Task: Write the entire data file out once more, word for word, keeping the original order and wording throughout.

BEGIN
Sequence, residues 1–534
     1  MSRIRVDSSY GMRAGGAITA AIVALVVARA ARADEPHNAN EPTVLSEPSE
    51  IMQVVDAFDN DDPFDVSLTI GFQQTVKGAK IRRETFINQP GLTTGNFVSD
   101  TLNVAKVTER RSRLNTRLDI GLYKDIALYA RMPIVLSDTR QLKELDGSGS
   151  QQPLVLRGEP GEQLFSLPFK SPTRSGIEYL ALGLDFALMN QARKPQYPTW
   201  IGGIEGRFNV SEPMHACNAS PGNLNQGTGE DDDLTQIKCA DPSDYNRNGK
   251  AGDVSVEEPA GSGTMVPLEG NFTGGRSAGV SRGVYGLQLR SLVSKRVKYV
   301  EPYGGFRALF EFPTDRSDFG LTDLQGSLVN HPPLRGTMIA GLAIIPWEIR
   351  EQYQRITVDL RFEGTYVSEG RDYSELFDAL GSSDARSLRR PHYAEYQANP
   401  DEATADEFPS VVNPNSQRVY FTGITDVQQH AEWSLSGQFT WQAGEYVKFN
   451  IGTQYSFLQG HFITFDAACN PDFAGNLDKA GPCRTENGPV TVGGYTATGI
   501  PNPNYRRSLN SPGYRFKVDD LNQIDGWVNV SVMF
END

Sequence, residues 1–534
     1  MSRIRVDSSY GMRAGGAITA AIVALVVARA ARADEPHNAN EPTVLSEPSE
    51  IMQVVDAFDN DDPFDVSLTI GFQQTVKGAK IRRETFINQP GLTTGNFVSD
   101  TLNVAKVTER RSRLNTRLDI GLYKDIALYA RMPIVLSDTR QLKELDGSGS
   151  QQPLVLRGEP GEQLFSLPFK SPTRSGIEYL ALGLDFALMN QARKPQYPTW
   201  IGGIEGRFNV SEPMHACNAS PGNLNQGTGE DDDLTQIKCA DPSDYNRNGK
   251  AGDVSVEEPA GSGTMVPLEG NFTGGRSAGV SRGVYGLQLR SLVSKRVKYV
   301  EPYGGFRALF EFPTDRSDFG LTDLQGSLVN HPPLRGTMIA GLAIIPWEIR
   351  EQYQRITVDL RFEGTYVSEG RDYSELFDAL GSSDARSLRR PHYAEYQANP
   401  DEATADEFPS VVNPNSQRVY FTGITDVQQH AEWSLSGQFT WQAGEYVKFN
   451  IGTQYSFLQG HFITFDAACN PDFAGNLDKA GPCRTENGPV TVGGYTATGI
   501  PNPNYRRSLN SPGYRFKVDD LNQIDGWVNV SVMF